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Apr 6, 2011 04:39PM poptart wrote:

I had hormone positive dcis in my "good breast."  I had two mastectomies, no invasive hormone positive bc.  I have no breasts now (well, I have foobs!).  I was told by both my onc and my consultation onc - no tamoxifen.  If I had invasive hormone+ bc or still had breasts, they would prescribe it; however, under the circumstances, they think the risks of adverse effects from the tamoxifen would outweigh its benefits.

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Apr 6, 2011 08:03PM CTMOM1234 wrote:

Interesting how some people got a hard sell. I'm glad that mine did not. Rad.onc. told me straight up that she was 60-40 to take tamoxifen vs. not and the only reason why she wasn't 50-50 was because of the possible modest benefit to reduce chances on my good side. The benefits on the lumpectomy/rad side were something like a 3% benefit and I'd rather avoid playing around with my hormones.

A recent study came out that stated that there was no recognizable benefits to taking tamox. in women who'd had lump + rads. But there was a difference when comparing rads v. no rads -- so I continue to be glad that I chose to go through with the rads . . . and at least for now do not plan to add tamox.

When I grow up I want to be an old woman. Jan'10 lump.for grade 2 DCIS;SURPRISE1.75mm grade 2 idc in path report,stage 1a; Jan'10 snb 0/3 nodes; Mar-Apr'10 rads: 25 full+5 boosts prone position, stickers/no tats; May'10 declined tamox. Doing fine.

Dx 11/1/2009, ER+/PR+
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Jun 6, 2011 04:46PM Mainecoonmomone wrote:

I was diagnosed with Stage 0 DCIS in December 2008 and had a lumpectomy.  I opted against the radiation which I am happy with that decision.  Radiation is a one time only Treatment and I did not feel right about using it as a preventive measure.  I reluctantly went on Tamoxifen 20 mg and after 2 years and 1 month I found myself to have two cataracts as a side effect.  I am 58 and needless to say was angry because I will have to have two surgeries to correct the problem. It seemed the Tamoxifen created a problem and it is still uncertain if it will be efficacious.  I just came back from my visit with my oncologist and I decided I will not stay on it for the full five years,  I plan on going off at the 2.5 year point and will take my chances,  I no longer feel comfortable taking the drug and if it did this to my eyes I feel what elese will it do ti other body systems.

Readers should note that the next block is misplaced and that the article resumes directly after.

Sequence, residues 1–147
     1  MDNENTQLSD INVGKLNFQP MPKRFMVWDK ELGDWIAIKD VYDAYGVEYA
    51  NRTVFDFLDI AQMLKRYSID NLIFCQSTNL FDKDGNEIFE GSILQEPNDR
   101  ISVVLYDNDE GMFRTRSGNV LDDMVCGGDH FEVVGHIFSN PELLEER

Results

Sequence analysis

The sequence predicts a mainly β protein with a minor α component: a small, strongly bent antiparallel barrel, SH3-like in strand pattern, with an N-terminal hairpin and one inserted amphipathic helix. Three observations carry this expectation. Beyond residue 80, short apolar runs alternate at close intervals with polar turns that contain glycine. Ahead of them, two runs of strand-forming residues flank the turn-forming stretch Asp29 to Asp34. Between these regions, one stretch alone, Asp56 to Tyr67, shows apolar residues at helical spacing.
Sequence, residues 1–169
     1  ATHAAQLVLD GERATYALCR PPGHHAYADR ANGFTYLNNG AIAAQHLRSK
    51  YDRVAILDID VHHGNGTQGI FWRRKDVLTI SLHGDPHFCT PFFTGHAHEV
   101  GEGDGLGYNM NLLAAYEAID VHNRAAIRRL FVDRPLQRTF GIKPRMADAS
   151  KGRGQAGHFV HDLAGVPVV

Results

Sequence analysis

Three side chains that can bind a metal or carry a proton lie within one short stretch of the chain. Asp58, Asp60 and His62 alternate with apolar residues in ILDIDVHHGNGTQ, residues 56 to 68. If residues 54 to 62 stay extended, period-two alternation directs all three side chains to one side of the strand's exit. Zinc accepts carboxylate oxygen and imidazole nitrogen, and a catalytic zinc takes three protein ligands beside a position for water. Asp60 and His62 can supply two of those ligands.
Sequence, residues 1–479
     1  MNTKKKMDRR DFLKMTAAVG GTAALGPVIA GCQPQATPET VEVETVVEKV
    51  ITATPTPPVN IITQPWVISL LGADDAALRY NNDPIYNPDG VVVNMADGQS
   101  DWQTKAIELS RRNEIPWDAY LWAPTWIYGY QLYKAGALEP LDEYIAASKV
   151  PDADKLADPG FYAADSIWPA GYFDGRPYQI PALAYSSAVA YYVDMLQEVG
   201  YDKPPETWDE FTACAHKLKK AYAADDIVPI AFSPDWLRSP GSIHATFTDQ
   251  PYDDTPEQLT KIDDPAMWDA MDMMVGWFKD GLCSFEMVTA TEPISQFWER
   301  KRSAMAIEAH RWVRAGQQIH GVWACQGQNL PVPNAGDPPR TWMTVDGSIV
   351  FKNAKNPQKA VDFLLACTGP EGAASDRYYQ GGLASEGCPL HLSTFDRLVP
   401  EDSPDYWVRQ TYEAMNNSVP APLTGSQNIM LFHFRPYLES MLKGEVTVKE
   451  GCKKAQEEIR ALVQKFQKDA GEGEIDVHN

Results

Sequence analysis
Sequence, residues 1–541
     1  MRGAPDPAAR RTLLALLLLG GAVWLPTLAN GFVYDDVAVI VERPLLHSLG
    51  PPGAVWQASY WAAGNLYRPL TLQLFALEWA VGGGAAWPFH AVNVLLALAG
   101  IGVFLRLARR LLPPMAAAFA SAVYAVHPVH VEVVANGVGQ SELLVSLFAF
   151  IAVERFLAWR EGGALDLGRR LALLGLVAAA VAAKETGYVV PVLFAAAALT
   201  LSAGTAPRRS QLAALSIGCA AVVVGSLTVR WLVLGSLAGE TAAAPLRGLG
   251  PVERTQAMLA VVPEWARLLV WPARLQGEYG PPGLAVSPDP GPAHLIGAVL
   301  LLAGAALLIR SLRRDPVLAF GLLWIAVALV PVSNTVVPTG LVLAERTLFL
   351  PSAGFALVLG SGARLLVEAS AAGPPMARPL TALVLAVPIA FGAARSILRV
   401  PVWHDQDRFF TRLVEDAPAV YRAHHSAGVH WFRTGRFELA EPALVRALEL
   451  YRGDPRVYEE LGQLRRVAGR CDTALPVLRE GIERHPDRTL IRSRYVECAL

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Jul 7, 2011 10:30PM ferbevi2001 wrote:

Sorry for the late response. I was on Tamoxifen for 17 month until  I got a superficial clot on  a chest vein. The doctor said that probably it was a side effect of the Tamoxifen and he recomend to stop the medicine because that  time it was superficial clot but I could get a very dangerous one. In my case the benefits of the medicine are not worth it.

Dx 6/29/2009, DCIS, Stage 0, Grade 3, ER+